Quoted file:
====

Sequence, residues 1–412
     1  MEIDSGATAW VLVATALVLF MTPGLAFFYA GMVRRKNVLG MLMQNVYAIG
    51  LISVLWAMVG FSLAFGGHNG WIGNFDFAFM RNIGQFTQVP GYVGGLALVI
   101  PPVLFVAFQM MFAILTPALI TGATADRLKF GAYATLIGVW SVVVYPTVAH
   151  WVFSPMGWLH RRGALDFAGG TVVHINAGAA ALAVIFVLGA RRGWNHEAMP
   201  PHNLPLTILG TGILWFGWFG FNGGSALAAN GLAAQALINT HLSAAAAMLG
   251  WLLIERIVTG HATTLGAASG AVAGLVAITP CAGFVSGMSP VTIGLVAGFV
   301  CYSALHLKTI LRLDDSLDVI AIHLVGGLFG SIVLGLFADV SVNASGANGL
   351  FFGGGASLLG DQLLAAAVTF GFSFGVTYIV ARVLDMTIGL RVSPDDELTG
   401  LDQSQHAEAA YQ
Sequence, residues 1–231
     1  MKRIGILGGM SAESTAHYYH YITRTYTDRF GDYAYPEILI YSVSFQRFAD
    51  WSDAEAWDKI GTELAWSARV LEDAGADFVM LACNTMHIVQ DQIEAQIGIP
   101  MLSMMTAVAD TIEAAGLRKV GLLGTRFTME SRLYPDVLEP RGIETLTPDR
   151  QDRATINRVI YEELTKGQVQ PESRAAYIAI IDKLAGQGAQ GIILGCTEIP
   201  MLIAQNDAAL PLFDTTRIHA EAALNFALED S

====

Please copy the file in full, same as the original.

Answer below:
Sequence, residues 1–412
     1  MEIDSGATAW VLVATALVLF MTPGLAFFYA GMVRRKNVLG MLMQNVYAIG
    51  LISVLWAMVG FSLAFGGHNG WIGNFDFAFM RNIGQFTQVP GYVGGLALVI
   101  PPVLFVAFQM MFAILTPALI TGATADRLKF GAYATLIGVW SVVVYPTVAH
   151  WVFSPMGWLH RRGALDFAGG TVVHINAGAA ALAVIFVLGA RRGWNHEAMP
   201  PHNLPLTILG TGILWFGWFG FNGGSALAAN GLAAQALINT HLSAAAAMLG
   251  WLLIERIVTG HATTLGAASG AVAGLVAITP CAGFVSGMSP VTIGLVAGFV
   301  CYSALHLKTI LRLDDSLDVI AIHLVGGLFG SIVLGLFADV SVNASGANGL
   351  FFGGGASLLG DQLLAAAVTF GFSFGVTYIV ARVLDMTIGL RVSPDDELTG
   401  LDQSQHAEAA YQ
Sequence, residues 1–231
     1  MKRIGILGGM SAESTAHYYH YITRTYTDRF GDYAYPEILI YSVSFQRFAD
    51  WSDAEAWDKI GTELAWSARV LEDAGADFVM LACNTMHIVQ DQIEAQIGIP
   101  MLSMMTAVAD TIEAAGLRKV GLLGTRFTME SRLYPDVLEP RGIETLTPDR
   151  QDRATINRVI YEELTKGQVQ PESRAAYIAI IDKLAGQGAQ GIILGCTEIP
   201  MLIAQNDAAL PLFDTTRIHA EAALNFALED S